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Ex OpenAI and Google Deepmind employees push for improved AI safety guidelines

Written by Thu 6 Jun 2024

Former employees at artificial intelligence (AI) companies OpenAI and Google Deepmind have signed an open letter warning of the lack of safety oversight within the industry.

In the open letter, employees expressed concerns about the risks of AI further entrenching existing inequalities, its potential to aid in manipulation and misinformation, to the eventual result of human extinction due to the loss of control of autonomous AI systems.

“We are hopeful that these risks can be adequately mitigated with sufficient guidance from the scientific community, policymakers, and the public. However, AI companies have strong financial incentives to avoid effective oversight, and we do not believe bespoke structures of corporate governance are sufficient to change this,” said the letter.

The former employees added that AI companies possess extensive non-public information about their systems capabilities, limitations, protective measures, and associated risks. Despite this, employees have have minimal obligations to share such information with governments and none with civil society, and voluntary disclosure cannot be fully trusted.

“So long as there is no effective government oversight of these corporations, current and former employees are among the few people who can hold them accountable to the public. Yet broad confidentiality agreements block us from voicing our concerns, except to the very companies that may be failing to address these issues,” said the letter.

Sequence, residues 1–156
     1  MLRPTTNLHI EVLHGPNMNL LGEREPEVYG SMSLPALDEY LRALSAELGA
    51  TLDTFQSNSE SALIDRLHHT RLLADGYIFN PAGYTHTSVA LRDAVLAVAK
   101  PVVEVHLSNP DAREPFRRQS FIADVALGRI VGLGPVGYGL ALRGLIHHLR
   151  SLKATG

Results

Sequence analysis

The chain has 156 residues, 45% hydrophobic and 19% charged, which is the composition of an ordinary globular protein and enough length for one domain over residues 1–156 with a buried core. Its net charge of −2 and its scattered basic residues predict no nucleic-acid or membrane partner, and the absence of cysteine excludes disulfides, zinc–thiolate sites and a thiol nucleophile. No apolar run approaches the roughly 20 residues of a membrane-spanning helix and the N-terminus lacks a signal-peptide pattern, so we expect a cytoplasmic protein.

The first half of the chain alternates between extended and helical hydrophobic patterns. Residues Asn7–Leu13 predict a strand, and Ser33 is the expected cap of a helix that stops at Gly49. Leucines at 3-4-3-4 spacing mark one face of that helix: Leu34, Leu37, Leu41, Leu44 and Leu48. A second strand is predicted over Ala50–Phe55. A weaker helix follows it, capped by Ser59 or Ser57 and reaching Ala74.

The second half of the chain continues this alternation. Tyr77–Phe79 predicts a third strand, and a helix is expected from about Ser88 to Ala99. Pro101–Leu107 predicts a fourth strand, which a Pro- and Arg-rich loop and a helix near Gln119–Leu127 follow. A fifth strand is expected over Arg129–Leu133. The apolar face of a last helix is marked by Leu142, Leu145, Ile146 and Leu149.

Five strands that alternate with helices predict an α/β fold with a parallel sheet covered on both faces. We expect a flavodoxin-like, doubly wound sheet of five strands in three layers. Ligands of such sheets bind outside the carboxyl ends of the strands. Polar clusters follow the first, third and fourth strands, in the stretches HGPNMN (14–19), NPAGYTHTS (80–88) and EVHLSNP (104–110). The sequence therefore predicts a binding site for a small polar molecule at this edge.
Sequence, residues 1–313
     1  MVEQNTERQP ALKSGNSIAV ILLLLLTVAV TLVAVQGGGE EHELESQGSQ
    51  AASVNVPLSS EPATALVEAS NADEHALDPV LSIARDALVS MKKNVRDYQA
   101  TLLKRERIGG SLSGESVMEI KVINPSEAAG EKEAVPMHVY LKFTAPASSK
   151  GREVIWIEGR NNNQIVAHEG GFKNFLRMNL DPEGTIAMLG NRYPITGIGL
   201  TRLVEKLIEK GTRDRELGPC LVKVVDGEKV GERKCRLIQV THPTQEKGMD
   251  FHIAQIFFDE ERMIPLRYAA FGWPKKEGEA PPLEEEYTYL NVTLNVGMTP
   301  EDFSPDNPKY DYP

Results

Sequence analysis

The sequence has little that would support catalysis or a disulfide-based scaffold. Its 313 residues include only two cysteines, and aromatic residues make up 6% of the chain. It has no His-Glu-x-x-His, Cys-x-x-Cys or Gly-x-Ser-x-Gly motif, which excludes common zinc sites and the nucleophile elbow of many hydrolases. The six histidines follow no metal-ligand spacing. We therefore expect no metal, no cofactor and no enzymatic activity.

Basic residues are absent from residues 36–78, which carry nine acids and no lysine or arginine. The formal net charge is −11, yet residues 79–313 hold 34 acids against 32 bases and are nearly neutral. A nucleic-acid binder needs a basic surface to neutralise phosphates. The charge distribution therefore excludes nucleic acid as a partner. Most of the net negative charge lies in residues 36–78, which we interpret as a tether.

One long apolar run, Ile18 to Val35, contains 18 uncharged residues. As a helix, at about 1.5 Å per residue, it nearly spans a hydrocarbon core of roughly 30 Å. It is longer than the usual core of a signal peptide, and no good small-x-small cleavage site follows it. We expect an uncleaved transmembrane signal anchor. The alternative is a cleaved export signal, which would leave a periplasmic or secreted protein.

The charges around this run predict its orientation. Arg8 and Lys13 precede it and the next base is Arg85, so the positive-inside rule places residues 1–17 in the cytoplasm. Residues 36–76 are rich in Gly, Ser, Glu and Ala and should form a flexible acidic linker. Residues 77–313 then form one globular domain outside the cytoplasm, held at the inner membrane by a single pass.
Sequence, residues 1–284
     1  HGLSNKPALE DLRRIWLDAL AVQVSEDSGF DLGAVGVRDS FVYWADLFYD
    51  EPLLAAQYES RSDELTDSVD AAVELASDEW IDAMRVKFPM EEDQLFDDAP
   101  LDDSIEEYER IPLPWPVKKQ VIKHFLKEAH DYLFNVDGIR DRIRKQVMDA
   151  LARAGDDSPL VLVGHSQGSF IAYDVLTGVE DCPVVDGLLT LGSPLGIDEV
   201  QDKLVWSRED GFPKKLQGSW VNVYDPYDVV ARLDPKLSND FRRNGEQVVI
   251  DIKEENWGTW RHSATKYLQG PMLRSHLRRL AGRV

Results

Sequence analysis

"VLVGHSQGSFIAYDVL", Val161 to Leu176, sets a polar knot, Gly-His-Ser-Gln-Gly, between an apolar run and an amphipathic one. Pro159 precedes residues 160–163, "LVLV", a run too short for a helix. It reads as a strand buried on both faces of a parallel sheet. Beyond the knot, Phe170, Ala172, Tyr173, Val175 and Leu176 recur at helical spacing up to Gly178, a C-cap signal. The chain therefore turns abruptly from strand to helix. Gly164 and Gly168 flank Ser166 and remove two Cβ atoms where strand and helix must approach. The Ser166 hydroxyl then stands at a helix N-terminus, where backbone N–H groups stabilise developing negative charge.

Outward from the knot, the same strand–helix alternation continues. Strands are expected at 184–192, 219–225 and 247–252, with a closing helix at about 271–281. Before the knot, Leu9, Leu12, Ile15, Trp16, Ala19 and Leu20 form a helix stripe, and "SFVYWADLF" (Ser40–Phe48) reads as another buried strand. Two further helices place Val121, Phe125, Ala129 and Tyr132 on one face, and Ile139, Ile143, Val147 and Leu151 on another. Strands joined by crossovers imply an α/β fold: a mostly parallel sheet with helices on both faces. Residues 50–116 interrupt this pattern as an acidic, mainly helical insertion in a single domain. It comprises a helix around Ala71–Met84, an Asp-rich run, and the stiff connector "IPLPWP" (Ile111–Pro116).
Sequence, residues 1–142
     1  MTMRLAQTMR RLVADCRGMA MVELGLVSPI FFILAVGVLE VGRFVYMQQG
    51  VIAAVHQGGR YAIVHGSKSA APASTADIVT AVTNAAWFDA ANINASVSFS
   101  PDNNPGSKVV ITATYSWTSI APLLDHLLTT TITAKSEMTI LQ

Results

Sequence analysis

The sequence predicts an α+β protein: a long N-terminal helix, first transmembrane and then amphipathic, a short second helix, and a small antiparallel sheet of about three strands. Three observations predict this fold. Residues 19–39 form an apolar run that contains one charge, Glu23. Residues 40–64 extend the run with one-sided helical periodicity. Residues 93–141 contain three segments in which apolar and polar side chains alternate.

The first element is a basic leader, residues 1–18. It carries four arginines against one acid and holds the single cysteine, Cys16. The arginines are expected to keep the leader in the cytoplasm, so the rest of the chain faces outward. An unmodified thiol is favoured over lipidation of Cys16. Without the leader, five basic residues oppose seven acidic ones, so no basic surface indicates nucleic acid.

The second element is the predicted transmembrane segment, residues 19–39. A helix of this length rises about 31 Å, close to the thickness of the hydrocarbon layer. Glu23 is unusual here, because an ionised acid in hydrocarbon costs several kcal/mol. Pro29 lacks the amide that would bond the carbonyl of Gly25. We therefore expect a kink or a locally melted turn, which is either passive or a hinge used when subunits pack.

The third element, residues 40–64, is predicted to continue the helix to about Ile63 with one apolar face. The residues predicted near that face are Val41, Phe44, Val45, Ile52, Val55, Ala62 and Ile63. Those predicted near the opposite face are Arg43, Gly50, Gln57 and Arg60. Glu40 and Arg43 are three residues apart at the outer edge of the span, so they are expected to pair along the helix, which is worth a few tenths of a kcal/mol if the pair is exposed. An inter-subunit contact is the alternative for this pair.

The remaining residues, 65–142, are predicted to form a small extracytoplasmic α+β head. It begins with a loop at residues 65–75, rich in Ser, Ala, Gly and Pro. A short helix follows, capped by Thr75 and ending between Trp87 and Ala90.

The letter stressed that current whistleblower protections are insufficient as they focus on illegal activity, whereas many of the risks we are concerned about are not yet regulated.

“Some of us reasonably fear various forms of retaliation, given the history of such cases across the industry. We are not the first to encounter or speak about these issues,” said the former employees in the letter.

Former Employees Call for Principles

The former employees have called AI companies to commit to a set of principles. The first principle is that companies should not create or enforce agreements that prohibit criticism regarding risk-related issues or retaliate against employees, including by hindering any economic benefits. 

The letter said organisations must also establish a verifiably anonymous process for current and former employees to raise risk-related concerns to the company’s board, regulators, and an independent organisation with relevant expertise. 

Additionally, they should support a culture of open criticism, allowing employees to address concerns about the company’s technologies publicly or through appropriate channels, while protecting trade secrets and intellectual property.

Finally, employees should also be protected from retaliation for publicly disclosing risk-related confidential information if other reporting processes fail. 

Although efforts should be made to avoid unnecessary release of confidential information, employees should first use any existing adequate anonymous reporting processes. If such processes are unavailable, they should remain free to report their concerns to the public.

In February, the UK’s AI Safety Institute (AISI) found AI has the potential to create personas to spread disinformation, perpetuate biases, and deceive human users.

The AISI published initial findings from its research into AI large language models (LLMs), finding that LLM safeguards can be easily bypassed. The Institute discovered these concerns through a series of case studies. Case Study 1 evaluated misuse risks, Case Study 2 assessed representative and allocative bias in LLMs, and Case Study 3 evaluated autonomous systems.

In October, Google DeepMind, Anthropic, OpenAI, Microsoft, Amazon, and Meta published AI safety policy updates following pressure from the UK Government. The technology companies hope to boost transparency and encourage the sharing of best practices within the AI community.

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Written by Thu 6 Jun 2024

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